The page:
There’s a common misnomer in calling Luddites anti-technology, which the Smithsonian fortunately has tried to dispell.
The label now has many meanings, but when the group protested 200 years ago, technology wasn’t really the enemy.
It’s like calling Robin Hood anti-technology. Does anyone say “that Robin Hood really hated the bow and arrow”? No. That makes no sense. His story was about the moral use of bow and arrow (disruptive technology of his day, as proven in the 1415 Battle of Agincourt).
Similarly to the legend of Robin Hood, a powerful Ludd character rose out of the Sherwood forest area of Nottingham to fight for morality as a crucial factor in use of technology; Luddites then demanded quality and expertise in tech to be valued above exploitation.
These were experts at using technology who disliked exploitation that caused death and harms. Think of mill owners as the Sheriff of Sherwood Forrest.
Or in today’s terms, think of it like protesting Zoom practices. Those calling for Zoom to be stopped immediately (including myself) are not rejecting of technology at all!
Luddites today would calling for and end to Zoom’s obviously deceitful and harmful business practices.
Those who mindlessly accept an old government trope that Luddites didn’t like technology miss the entire point of the people who righteously protest against immoral power (wielded by large corporations).
Even more tragically, people often leave out the fact that Luddites were ruthlessly murdered by factory gunmen and hanged for daring to defend society under a concept of greater good.
In truth, they inflicted less violence than they encountered. In one of the bloodiest incidents, in April 1812, some 2,000 protesters mobbed a mill near Manchester. The owner ordered his men to fire into the crowd, killing at least 3 and wounding 18. Soldiers killed at least 5 more the next day.
Earlier that month, a crowd of about 150 protesters had exchanged gunfire with the defenders of a mill in Yorkshire, and two Luddites died. Soon, Luddites there retaliated by killing a mill owner, who in the thick of the protests had supposedly boasted that he would ride up to his britches in Luddite blood. Three Luddites were hanged for the murder; other courts, often under political pressure, sent many more to the gallows or to exile in Australia before the last such disturbance, in 1816.
At least 8 killed in just one protest. Some estimates are double.
To be fair the Luddites obviously were not intent on personal harm to mill owners, or anyone for that matter, but they reportedly did commit violent acts against people.
Some claims were made that Luddites intimidated local populations into sheltering and feeding them, similar to charges against Robin Hood. That seems like dubious government propaganda, however, as Luddites were a populist movement and “melting away” was again a sign of popular support rather than violent intimidation tactics.
Indeed, more often there were accounts of Luddites sneaking into factories at night and cleverly taking soldiers’ guns away to destroy only the machines as a form of protest. People were set free and unharmed.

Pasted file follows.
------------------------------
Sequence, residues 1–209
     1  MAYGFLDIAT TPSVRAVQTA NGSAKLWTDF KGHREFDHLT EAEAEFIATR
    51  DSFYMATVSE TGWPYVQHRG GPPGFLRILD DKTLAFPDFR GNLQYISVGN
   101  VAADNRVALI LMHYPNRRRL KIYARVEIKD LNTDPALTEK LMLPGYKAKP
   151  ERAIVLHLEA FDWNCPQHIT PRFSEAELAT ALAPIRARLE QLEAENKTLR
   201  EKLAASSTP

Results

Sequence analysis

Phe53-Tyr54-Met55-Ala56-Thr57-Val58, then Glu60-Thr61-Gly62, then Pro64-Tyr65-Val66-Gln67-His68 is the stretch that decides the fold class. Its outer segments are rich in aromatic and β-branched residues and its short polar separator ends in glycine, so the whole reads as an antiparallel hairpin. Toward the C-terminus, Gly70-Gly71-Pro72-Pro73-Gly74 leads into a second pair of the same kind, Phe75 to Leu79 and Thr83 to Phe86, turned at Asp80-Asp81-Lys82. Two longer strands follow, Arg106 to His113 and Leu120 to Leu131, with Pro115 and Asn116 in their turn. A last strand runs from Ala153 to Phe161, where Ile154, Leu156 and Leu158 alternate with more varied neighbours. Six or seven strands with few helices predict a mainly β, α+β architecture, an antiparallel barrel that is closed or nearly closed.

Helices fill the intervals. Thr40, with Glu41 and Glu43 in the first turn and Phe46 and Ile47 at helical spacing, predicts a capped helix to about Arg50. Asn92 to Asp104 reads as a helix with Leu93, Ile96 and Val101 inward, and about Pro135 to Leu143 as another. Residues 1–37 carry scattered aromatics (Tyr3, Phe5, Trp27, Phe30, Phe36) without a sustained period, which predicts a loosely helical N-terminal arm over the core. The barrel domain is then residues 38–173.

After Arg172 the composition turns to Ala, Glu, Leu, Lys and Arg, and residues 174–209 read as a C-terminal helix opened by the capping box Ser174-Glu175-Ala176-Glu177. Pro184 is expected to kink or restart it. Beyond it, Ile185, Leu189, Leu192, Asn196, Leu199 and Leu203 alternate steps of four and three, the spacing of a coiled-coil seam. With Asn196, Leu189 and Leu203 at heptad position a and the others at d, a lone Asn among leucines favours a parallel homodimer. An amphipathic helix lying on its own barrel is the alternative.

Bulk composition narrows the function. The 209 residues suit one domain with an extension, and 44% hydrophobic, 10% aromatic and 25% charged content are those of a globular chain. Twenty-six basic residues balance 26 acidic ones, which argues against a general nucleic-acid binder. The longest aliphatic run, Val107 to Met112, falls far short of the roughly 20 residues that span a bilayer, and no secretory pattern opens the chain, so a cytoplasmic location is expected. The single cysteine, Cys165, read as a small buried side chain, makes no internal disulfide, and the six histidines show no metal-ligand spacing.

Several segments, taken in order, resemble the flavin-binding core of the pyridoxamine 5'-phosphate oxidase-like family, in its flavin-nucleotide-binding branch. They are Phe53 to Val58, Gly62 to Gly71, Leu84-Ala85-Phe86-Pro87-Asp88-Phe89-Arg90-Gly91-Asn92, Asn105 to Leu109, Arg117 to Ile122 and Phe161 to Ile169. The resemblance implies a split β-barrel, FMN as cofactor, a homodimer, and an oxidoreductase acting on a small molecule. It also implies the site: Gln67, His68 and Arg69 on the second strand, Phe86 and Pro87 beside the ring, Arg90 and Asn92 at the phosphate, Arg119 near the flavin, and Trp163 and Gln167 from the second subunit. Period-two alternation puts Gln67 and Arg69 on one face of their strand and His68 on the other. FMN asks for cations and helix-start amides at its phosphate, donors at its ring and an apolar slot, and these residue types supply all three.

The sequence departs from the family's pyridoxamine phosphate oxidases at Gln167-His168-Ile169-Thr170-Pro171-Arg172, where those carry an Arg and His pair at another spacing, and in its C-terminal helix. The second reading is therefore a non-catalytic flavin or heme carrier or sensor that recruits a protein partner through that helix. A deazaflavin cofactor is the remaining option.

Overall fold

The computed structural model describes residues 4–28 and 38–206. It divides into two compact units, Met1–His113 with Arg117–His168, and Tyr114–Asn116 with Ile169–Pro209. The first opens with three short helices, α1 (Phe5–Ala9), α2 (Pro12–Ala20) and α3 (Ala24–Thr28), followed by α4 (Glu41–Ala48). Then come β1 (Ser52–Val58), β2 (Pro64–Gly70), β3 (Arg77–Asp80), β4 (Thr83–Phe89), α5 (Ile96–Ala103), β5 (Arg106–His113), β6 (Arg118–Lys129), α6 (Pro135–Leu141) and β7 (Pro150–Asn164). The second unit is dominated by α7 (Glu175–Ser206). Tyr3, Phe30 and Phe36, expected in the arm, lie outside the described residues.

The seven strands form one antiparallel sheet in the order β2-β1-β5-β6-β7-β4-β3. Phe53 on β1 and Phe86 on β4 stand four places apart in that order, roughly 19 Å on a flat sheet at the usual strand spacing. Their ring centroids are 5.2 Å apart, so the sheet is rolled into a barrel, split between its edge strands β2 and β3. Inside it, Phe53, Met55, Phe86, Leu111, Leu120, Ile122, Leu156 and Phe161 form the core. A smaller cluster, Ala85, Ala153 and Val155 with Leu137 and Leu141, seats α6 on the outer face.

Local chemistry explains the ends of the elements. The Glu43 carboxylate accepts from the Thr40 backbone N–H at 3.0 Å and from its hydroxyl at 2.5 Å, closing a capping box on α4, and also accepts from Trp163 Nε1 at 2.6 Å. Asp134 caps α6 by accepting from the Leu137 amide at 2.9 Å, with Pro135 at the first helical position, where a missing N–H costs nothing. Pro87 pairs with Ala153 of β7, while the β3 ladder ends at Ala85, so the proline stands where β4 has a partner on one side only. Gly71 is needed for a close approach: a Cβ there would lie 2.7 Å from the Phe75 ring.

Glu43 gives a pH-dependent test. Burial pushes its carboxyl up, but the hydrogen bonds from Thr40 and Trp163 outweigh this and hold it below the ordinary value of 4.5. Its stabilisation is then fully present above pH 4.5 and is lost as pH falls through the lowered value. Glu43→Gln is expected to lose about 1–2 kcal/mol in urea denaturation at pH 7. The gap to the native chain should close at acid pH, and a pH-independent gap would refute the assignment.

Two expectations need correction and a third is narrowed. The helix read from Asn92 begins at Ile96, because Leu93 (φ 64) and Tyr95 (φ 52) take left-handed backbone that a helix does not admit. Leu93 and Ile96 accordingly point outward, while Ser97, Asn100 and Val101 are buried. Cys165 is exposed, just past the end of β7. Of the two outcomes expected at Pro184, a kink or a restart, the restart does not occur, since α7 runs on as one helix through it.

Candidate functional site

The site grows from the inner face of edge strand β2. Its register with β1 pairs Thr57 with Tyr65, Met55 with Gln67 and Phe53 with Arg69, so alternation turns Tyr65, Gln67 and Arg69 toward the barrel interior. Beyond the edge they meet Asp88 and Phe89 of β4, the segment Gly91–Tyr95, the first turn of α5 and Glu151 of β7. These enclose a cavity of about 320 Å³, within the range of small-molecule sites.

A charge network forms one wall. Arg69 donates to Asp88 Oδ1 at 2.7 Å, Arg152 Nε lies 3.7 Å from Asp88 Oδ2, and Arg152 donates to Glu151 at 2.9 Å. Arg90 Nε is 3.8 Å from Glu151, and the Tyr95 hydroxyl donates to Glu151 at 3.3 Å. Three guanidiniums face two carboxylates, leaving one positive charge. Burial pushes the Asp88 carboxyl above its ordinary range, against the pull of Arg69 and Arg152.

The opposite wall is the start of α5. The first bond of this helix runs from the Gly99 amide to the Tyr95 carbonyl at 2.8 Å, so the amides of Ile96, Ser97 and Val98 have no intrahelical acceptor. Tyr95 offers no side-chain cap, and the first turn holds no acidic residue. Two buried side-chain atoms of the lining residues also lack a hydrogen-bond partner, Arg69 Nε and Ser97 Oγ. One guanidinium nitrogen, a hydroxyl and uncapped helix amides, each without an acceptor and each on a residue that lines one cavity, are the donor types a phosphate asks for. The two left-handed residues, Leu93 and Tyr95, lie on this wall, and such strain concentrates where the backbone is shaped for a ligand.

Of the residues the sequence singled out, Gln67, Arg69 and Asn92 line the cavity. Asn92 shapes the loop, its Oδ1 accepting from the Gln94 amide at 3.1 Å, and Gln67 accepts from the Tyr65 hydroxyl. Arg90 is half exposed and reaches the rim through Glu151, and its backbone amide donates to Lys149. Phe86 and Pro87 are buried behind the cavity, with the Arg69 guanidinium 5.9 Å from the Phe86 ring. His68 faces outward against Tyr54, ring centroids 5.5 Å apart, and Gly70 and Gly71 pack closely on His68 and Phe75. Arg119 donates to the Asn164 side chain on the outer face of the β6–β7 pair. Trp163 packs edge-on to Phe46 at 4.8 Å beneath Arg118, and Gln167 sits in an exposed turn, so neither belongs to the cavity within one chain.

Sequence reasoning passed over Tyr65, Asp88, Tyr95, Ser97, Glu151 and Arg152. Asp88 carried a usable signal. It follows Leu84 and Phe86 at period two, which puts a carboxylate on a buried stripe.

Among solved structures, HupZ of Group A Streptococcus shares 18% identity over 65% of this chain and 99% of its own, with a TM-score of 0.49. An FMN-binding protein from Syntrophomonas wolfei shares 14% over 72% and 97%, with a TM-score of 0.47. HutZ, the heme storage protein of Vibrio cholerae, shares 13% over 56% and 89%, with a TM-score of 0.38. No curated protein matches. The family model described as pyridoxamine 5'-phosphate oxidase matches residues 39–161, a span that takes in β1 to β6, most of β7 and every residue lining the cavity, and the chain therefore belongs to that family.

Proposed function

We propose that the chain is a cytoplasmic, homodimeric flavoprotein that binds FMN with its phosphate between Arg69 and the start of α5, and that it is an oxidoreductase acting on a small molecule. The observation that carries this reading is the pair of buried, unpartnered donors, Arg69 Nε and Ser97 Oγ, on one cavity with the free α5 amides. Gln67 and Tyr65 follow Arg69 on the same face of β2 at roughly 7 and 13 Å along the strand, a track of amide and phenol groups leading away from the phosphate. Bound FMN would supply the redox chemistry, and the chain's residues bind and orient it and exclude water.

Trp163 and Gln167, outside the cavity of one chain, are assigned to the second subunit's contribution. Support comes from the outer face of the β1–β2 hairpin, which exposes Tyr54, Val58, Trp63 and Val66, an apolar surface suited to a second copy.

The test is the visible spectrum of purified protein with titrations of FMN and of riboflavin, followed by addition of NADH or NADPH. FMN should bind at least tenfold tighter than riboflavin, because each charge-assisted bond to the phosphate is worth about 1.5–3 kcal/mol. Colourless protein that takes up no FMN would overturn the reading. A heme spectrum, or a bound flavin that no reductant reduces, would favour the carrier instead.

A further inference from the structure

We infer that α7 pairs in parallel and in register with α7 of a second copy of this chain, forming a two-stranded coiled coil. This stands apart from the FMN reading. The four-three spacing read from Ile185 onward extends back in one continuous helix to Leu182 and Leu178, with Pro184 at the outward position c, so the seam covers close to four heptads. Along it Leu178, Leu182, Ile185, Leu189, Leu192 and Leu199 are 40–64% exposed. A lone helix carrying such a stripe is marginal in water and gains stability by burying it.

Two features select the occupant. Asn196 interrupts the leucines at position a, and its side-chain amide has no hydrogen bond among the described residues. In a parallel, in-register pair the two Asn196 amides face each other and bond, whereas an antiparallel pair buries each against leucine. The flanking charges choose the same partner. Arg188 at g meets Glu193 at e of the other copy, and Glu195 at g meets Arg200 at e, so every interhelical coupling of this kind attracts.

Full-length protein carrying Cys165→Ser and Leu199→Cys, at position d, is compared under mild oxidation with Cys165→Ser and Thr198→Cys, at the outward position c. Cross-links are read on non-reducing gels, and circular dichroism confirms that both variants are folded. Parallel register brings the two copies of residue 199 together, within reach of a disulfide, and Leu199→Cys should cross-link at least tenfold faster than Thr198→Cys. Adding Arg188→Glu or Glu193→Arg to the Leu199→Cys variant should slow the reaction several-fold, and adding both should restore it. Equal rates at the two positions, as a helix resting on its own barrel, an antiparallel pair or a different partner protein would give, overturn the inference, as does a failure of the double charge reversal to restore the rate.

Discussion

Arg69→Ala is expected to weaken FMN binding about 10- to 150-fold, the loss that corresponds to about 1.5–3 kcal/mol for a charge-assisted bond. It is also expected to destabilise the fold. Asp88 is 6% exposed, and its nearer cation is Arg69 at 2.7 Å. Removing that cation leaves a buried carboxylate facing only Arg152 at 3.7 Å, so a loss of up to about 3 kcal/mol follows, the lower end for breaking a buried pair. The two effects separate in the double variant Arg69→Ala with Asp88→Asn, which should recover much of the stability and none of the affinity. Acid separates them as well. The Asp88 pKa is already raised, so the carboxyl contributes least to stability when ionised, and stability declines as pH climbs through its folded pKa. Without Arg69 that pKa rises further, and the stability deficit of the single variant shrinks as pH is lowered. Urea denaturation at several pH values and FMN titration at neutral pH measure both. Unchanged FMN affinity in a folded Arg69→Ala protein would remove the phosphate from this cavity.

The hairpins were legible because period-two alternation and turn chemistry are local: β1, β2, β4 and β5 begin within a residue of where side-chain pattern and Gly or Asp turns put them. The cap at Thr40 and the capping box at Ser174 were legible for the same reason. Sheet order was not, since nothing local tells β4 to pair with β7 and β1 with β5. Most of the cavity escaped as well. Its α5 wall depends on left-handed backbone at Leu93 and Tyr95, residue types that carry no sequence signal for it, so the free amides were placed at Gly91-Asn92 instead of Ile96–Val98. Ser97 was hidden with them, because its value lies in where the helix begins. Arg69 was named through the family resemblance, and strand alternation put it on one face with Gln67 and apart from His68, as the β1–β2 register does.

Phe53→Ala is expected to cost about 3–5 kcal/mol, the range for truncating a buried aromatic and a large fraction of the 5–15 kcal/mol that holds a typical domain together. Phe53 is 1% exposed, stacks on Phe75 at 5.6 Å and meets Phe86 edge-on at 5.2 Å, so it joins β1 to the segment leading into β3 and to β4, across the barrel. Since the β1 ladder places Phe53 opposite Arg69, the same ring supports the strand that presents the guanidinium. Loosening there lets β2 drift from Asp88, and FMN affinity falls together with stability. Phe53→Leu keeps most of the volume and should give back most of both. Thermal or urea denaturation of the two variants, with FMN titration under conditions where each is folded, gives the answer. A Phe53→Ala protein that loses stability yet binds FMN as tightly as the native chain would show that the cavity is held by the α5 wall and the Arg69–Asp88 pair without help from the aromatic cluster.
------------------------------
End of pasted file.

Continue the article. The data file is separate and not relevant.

An exception was in the case where a mill owner “boasted” of murdering Luddites, and where owners did use soldiers to open fire on protesters killing many, escalation unfortunately was set on a violent path and Luddites then killed in defense/retaliation.
Don’t forget 1812 was a violent time overall for the British, with tensions rising around inequality and protracted European war (1803–1815), including its tangles with America over relations with France.
Prime Minister Spencer Perceval, who extremely opposed the Luddites, was assassinated May 11, 1812 by a merchant named John Bellingham.
Bellingham walked up and shot Perceval point-blank, then calmly sat down on a bench nearby to wait his arrest. Conspiracy theories soon circled, suggesting American merchants and British banks were conspiring to end trade blockades with France.
A month after the May assassination was when the War of 1812 began with America.
All that being said, if you want to ensure technology improves, and doesn’t just exploit unsuspecting consumers to benefit a privileged few, read more about the populist Luddite as well as Robin Hood stories from Nottingham.
These legends represent disadvantaged groups appealing for justice against a tyranny of elites.
Also, consider how “General Ludd” was another fictional character of the Sherwood Forest by design. It was his (and Robin Hood’s) inauthenticity, as a face of the very real populist cause that made them impossible to kill.
The legend of Ludd kept “his” cause of justice alive despite overwhelming oppositional military forces. Allegedly British authorities invoked “posse comitatus” (it’s a thing Sherrifs do) and deployed more military soldiers domestically to stop Luddites than during war with Napoleon.
Nottingham took on the appearance of a wartime garrison… authorities estimated the number of rioters at 3,000, but at any one time, no more than 30 would gather…
In American history we have an inauthentic yet also real General Tubman who fought against plantation owners. Surely they would have called “him” an anti-technology radical at war with manufacturing as well (instead of abolitionist and human rights champion) if they could have make such accusations stick.
Sadly people incorrectly brand Luddites as anti-technology, when in fact they very much were in favor of proper and skilled use of technology. Hopefully someday soon this chapter in history will stand corrected.